In The Shadows

Should you find yourself driving about in Southwest Minnesota, you might elect to follow one of the smooth, paved roads that snakes along the Minnesota River until it suddenly turns into a gravel road deep in the trees that remain near the river; at that point you might find a country house a couple of hundred yards down the gravel road just off to the right with a large black dog cavorting about the front yard. The owner of that house loves that dog, his seclusion, his wife and family (especially his tiny granddaughter in far-off Chicago), his university’s volleyball team, many (not all) of his students, and the writers he has chosen over the years to support in so many ways.

I don’t usually write blog posts about personal matters, much less about my friends. In general, I avoid the personal out of an acquired preference for the ideational, the abstract and general. At present, however, I choose to write about a good friend of mine who is watching his dog Harley chase a rabbit.

His name is Dave and he teaches at the university about thirty miles South of his home near the river in a department of English that is slowly dying a painful death as are so many English departments in universities and colleges around this wonderful country of ours. Like the other Humanities programs in the university it is giving way before the onslaught of the bean-counters who prefer to fund more “marketable” programs of study that will prepare young people for the work force so they can be successful in the only sense of that word Americans recognize.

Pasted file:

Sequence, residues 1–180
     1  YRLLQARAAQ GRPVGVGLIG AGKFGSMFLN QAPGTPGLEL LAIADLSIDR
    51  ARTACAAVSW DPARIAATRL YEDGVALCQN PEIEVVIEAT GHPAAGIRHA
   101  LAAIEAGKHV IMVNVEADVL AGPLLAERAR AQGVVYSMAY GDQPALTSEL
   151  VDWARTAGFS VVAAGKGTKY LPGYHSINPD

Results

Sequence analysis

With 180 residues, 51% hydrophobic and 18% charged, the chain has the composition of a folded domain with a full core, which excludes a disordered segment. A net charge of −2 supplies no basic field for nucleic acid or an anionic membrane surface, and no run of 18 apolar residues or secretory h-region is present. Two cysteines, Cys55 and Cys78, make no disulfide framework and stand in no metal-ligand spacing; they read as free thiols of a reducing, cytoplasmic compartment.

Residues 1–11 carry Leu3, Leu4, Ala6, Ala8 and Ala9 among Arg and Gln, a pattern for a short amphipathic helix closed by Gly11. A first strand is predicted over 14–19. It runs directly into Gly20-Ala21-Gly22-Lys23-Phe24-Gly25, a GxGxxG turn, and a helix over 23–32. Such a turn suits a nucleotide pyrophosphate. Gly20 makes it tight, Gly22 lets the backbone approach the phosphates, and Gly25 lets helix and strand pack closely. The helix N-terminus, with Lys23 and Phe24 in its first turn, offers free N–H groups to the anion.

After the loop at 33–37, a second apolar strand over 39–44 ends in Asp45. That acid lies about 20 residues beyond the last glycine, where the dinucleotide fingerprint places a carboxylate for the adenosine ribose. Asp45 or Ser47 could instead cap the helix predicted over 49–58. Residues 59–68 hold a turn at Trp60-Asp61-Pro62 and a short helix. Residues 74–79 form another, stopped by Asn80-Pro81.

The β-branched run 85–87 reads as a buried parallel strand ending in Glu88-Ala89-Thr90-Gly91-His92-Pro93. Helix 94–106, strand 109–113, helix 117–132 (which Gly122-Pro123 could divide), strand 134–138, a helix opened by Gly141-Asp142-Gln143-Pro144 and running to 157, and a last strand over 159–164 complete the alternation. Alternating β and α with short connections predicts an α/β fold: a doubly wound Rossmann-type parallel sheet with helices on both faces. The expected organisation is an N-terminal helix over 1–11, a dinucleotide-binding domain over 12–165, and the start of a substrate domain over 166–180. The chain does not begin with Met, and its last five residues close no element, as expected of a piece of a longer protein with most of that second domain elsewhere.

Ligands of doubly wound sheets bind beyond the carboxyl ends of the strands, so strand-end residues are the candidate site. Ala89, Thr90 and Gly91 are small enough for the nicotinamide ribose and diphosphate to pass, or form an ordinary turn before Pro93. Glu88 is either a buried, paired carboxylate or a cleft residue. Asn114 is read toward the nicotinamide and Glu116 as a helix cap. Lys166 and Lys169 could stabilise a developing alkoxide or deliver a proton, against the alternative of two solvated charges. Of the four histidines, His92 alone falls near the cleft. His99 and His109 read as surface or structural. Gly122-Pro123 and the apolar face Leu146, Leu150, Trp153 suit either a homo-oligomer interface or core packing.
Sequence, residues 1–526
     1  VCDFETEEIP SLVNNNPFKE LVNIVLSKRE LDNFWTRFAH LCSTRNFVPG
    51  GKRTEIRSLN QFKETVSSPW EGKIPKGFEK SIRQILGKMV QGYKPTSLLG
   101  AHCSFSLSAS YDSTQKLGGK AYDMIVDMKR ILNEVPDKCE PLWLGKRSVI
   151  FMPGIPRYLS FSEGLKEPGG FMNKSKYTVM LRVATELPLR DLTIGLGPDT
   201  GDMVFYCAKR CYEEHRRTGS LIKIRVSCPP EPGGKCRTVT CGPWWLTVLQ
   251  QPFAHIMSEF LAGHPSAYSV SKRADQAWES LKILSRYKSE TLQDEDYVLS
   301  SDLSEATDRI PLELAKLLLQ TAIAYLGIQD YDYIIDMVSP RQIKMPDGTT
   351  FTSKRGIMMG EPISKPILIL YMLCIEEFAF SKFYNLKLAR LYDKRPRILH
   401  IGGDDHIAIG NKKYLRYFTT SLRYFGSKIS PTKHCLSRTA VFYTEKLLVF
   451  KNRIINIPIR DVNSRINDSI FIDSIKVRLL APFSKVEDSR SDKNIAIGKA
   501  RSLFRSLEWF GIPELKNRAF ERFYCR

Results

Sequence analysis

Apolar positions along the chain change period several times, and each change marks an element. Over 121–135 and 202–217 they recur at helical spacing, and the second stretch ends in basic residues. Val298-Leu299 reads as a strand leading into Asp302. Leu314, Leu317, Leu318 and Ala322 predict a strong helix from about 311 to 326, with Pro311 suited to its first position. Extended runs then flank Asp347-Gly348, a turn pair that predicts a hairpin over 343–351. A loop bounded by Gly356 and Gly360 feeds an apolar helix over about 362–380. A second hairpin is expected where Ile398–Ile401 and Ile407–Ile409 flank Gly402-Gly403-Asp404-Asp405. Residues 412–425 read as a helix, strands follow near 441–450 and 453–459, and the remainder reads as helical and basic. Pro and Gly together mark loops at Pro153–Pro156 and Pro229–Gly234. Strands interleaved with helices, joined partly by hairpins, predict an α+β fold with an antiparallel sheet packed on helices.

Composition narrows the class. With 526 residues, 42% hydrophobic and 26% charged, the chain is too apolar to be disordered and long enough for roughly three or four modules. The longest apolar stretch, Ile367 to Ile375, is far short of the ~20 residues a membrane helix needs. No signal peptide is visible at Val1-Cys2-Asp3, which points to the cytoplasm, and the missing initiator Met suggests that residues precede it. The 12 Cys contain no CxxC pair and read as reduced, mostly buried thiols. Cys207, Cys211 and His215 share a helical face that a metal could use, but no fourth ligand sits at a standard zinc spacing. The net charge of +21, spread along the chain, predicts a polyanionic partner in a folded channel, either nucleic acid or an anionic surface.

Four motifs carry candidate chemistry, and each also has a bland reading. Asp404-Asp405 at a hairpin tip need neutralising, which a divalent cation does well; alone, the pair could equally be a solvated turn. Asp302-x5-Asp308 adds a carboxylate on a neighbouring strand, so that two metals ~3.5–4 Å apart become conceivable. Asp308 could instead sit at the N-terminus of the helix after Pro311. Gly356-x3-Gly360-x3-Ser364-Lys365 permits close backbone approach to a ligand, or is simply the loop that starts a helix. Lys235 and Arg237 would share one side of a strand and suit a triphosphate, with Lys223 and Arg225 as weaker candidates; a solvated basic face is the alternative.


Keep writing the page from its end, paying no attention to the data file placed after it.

Dave does love his sports and is an avid supporter of the university’s volleyball team, one of the very best in the entire country as it happens, despite the fact that the university itself is a tiny spot in the vast ocean of collegiate athletics and is virtually unknown. I know whereof I speak because I once coached women’s tennis at the university and despite our success as one of the better teams in the country within a couple of years of my retirement we were almost totally forgotten. Well, that’s not entirely true, because Dana, another good friend of mine, a former sports reporter and then editor of the Marshall Independent, wrote a book about the university’s tennis team in those glory days and Dave had it published.

And this brings us to that most remarkable feature of Dave’s activities. Not only does he teach at the university, support its women’s sports teams, and watch with an ache in his heart as his formerly vibrant academic department dwindles away, he also publishes books. This reflects his love of reading and his high regard for those who write, which should also include Dave himself except that he is not given to self-promotion (unlike so many his contemporaries) and prefers to keep his candle hidden under a bushel. As an author he has written a great many books of both prose and poetry and as a publisher he has published a number of important writers and was, indeed, the first to publish the writings of Bill Holm — a man who acquired a national and even an international reputation before his untimely death not long ago. Dave cannot for the life of him market the books he publishes successfully as he tends to ignore that aspect of the publishing trade. He’s no businessman, and I say that with affection. So the books pile up in cupboards, empty rooms, and empty buildings here and there about his place. But he does pride himself on the quality of the work he has published and well he should.